The Federal Trade Commission released an administrative law judge's opinion favoring the agency's price-fixing complaint against 550-physician North Texas Specialty Physicians, an independent practice association in Fort Worth, Texas. Modern Healthcare's Daily Dose reported the decision earlier this month, but the opinion had not been released to the public in its final version.
The judge ruled that the FTC had proven that North Texas "engaged in a combination, contract or conspiracy that has unreasonably restrained trade" and ordered the IPA to end such practices and terminate some existing non-risk contracts.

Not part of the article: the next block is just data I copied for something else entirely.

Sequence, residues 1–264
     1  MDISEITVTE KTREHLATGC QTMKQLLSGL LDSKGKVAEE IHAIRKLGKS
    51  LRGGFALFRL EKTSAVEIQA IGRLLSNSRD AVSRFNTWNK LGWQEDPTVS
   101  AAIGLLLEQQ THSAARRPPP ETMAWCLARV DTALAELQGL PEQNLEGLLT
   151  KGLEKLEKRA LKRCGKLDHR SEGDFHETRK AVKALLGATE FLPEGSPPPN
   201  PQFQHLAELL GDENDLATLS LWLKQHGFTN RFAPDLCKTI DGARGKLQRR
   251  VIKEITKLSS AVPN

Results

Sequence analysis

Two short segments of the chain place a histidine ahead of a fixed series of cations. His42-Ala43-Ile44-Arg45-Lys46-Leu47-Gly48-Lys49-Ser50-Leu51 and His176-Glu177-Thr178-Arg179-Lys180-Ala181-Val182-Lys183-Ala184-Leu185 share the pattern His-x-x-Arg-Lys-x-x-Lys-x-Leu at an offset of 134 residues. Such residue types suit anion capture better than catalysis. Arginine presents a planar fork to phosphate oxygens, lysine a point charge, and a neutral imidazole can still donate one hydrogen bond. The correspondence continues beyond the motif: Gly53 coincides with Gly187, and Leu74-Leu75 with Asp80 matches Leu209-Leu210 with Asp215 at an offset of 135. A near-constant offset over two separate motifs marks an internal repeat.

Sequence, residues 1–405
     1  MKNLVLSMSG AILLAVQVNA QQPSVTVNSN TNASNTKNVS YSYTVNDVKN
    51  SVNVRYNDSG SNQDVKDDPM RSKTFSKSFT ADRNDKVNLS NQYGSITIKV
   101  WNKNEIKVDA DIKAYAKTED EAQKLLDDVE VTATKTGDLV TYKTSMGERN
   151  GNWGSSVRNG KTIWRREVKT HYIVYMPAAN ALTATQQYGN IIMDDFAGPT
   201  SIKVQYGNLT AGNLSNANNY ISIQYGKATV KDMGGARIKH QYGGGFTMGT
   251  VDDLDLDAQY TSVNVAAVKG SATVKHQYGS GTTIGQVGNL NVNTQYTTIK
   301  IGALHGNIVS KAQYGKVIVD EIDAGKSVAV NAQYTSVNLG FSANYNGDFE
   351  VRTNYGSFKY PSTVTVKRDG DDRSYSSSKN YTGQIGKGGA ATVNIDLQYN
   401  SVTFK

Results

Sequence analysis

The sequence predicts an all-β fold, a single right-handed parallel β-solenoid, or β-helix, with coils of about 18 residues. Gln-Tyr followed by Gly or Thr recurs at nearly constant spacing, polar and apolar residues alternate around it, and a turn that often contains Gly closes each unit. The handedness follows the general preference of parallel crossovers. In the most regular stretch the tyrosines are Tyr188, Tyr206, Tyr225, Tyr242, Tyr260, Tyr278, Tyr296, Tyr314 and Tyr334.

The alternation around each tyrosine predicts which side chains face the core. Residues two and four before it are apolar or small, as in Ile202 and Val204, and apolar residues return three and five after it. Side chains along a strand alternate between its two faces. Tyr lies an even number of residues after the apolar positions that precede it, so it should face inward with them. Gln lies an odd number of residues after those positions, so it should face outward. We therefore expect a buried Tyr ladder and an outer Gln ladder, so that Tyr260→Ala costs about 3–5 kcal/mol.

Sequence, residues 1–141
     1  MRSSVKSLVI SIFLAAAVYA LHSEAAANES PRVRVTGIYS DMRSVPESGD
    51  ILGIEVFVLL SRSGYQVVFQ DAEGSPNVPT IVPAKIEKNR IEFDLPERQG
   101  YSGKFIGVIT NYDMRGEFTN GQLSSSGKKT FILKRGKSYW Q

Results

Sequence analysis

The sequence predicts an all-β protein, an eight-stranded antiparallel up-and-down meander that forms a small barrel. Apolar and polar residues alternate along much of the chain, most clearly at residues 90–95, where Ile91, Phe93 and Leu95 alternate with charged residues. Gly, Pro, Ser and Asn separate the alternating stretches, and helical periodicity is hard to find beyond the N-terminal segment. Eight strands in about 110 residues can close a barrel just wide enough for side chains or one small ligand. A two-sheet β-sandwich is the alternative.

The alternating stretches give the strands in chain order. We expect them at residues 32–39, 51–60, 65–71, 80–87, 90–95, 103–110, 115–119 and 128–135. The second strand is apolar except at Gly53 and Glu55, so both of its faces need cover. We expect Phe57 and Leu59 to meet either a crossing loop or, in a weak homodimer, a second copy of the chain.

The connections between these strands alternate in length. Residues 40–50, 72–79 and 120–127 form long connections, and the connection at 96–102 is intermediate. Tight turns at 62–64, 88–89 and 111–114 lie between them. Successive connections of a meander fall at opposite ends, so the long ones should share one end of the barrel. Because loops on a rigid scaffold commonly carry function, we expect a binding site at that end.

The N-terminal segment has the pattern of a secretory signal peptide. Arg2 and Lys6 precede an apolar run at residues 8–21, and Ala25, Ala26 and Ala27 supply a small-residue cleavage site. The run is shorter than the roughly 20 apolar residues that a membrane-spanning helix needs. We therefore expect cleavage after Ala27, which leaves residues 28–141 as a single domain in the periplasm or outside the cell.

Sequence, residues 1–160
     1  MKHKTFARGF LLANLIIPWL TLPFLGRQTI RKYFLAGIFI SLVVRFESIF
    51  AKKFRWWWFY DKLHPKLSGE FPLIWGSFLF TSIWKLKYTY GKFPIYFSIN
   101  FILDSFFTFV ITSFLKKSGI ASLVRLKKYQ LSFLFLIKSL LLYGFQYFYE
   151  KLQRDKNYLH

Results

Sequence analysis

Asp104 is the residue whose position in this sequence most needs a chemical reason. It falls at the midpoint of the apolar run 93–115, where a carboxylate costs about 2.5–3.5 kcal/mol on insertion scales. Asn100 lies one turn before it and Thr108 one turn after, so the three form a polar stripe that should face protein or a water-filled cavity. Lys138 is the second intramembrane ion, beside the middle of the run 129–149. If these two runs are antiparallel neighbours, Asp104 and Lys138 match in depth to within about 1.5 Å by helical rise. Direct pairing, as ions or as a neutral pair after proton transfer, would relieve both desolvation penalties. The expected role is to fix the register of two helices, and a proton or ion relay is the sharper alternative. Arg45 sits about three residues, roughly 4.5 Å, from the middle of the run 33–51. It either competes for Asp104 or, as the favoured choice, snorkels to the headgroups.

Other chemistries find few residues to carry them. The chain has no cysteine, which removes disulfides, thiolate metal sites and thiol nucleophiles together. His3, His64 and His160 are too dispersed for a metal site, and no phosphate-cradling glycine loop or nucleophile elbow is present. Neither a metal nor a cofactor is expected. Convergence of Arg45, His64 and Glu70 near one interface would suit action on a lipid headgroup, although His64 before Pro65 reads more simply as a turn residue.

North Texas officials said in a statement that they were reviewing the judge's decision "regarding certain operational issues and will soon decide how to proceed." The decision is subject to review by the FTC commissioners.
The judge said the evidence did not establish that the IPA's rates were higher than those health plans paid directly to physicians, as the FTC alleged. But he concluded, "It is no excuse that the prices fixed are themselves reasonable."
North Texas denied the FTC's allegations. It has been the only IPA to challenge the FTC in the agency's three-year, industrywide investigation of physician price-fixing, which so far has resulted in 20 consent decrees with physician organizations.
Read the opinion.